Private health insurance and tax | what you need to know

— 8 min read

The rising cost of private health insurance has prompted many people to reconsider whether taking up or maintaining health insurance cover is financially beneficial.

There are several government incentives encouraging individuals and families to take up cover while penalising those who do not, in particular ‘higher income earners’. The incentives and penalties affect your hip-pocket, so it pays to consider your financial position.

Adjusted Taxable Income (ATI)

This figure is used to assess your eligibility for incentives and whether you are subject to any penalties relating to private health cover. It includes your Taxable Income as well as a few other items added back. The most common include:

  • Reportable Fringe Benefits (grossed-up salary packaging amounts)
  • Reportable Employer Superannuation Contributions (additional super amounts above the standard Superannuation Guarantee)
  • Personal superannuation contributions (deductible voluntary contributions)
  • Net investment losses (either from a negatively geared rental property or other investment)

The adjusted taxable income of medical practitioners working in the public health system can be substantial because of salary packaging. This is particularly the case when making use of this benefit multiple times during the financial year through several employers. While you may anticipate your gross salary to be below the relevant income threshold, Reportable Fringe Benefits amounts from your grossed-up salary packaging can push you over for the year.

Establishing a relationship with an accountant early in your career will ensure you are aware of potential issues in advance, receive ongoing advice and allow you to build rapport with a trusted lifelong advisor.

Medical Levy Surcharge (MLS)

If you earn above a certain threshold of ATI and do not have private health insurance, you may be taxed an extra 1-1.5% (payable on Adjusted Taxable Income) in the form of the Medicare Levy Surcharge. This is on top of the standard 2% Medicare Levy that is payable by anyone with access to Medicare benefits.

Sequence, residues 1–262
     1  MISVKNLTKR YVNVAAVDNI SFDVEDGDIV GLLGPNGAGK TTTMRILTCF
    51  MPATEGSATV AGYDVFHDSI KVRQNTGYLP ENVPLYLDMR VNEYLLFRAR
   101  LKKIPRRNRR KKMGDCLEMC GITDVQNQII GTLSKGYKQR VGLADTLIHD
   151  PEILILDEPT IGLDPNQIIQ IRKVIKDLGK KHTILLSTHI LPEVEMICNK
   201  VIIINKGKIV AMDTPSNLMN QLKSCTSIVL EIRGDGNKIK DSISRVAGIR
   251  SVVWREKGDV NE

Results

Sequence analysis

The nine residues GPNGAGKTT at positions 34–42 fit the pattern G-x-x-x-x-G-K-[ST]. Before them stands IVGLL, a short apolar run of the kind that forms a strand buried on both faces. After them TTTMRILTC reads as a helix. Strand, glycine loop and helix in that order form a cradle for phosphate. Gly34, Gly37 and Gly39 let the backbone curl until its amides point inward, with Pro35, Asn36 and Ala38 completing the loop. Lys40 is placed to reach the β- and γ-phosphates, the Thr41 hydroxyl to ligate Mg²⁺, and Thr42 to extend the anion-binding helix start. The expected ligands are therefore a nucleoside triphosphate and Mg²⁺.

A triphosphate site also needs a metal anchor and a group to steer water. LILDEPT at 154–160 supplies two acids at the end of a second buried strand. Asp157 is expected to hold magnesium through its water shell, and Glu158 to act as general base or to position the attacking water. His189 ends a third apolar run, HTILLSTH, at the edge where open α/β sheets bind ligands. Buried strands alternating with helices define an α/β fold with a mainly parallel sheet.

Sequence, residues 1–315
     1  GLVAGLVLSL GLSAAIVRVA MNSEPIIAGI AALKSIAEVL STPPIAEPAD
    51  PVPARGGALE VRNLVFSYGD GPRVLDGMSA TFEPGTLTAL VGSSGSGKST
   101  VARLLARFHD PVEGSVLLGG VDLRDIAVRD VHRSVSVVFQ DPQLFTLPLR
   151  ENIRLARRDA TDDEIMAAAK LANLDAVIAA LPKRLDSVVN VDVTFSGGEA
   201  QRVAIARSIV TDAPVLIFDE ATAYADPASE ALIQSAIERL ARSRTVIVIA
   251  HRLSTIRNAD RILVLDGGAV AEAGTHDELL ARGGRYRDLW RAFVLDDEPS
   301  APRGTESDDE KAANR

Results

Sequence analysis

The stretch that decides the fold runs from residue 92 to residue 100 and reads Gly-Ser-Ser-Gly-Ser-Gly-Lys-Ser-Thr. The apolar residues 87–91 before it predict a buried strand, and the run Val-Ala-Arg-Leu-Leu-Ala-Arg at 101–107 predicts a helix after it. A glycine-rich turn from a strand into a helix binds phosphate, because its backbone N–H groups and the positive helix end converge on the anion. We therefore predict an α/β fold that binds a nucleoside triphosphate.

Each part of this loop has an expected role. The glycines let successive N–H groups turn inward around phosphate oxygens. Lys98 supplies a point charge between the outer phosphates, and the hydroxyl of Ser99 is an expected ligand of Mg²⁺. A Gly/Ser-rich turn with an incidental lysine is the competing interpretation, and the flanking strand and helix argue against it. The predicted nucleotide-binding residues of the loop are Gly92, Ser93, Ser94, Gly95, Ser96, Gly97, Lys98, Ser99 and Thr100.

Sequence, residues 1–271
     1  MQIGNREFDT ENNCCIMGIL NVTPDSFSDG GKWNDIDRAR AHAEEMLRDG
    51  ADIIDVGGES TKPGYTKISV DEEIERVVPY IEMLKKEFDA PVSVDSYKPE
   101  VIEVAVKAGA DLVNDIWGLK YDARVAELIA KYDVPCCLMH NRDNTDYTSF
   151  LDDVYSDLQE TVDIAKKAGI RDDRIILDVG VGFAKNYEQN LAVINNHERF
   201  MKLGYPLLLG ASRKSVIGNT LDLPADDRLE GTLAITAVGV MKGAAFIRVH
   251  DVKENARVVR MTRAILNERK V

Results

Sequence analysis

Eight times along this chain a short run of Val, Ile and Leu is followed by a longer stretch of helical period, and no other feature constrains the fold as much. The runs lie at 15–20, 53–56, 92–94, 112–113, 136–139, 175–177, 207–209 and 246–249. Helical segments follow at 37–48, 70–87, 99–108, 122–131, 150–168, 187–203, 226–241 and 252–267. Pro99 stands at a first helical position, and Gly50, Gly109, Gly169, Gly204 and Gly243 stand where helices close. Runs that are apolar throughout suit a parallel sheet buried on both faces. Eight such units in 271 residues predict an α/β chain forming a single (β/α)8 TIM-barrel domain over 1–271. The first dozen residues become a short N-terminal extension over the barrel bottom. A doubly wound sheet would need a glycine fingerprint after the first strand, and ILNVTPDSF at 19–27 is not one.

For couples and families, the relevant ATI threshold is double that for individuals. However, if either you, your spouse or any dependants are not covered by an appropriate policy, both income earners are liable for the MLS.

Lifetime Health Cover (LHC)

This loading is designed to encourage individuals to take out cover sooner rather than later in life and to hold the cover long-term.

The loading is calculated at 2% on top of your base premium amount for every year you are aged over 30. For example, if you first take out the cover at 32 years old, your premium will be 4% more expensive than someone who had the cover in place at age 30. Any loading on couple or family policies is averaged between the two adults on the policy.

The LHC loading is removed if you maintain the cover for 10 continuous years. You can pause or have gaps in cover totalling 1,094 days during your lifetime without affecting loading on your premium.

Private Health Insurance Rebate

This rebate is means-tested on ATI and can reduce your overall insurance premium cost for cover. It works on a tiered system where the cut-off for eligibility is an ATI of $140,000 (Combined ATI of $280,000 for couples and families).

Practically, if your fund is not applying the correct level of rebate during the year, an adjustment will take place through your income tax return and the tax assessment. A net refund or payable of the rebate may form part of the assessment if you have under or over-claimed the rebate on your premiums.

It’s important to remember that this article focuses on the tax impact and government charges applicable to private health cover. It does not consider your health or the cost of medical care. In making a choice on whether private health insurance is right for you, you should consider all relevant factors. To chat to a DPM Tax Consultant about your personal situation, call us on 1800 376 376 or book a free no-obligation initial consultation.

* The information contained in this site is general and is not intended to serve as advice. DPM Financial Services Group recommends you obtain advice concerning specific matters before making a decision.

Authors

Dino Miliotis

B. Comm, Grad Dip Com, CPA

Consultant
Melbourne

Connect on LinkedIn

Dino is a Certified Practising Accountant who joined DPM in 2009. He looks after clients across a number of lifecycle stages, from graduates to newly established consultants. He advises on salary packaging and taxation compliance, and assists with overall planning and wealth creation.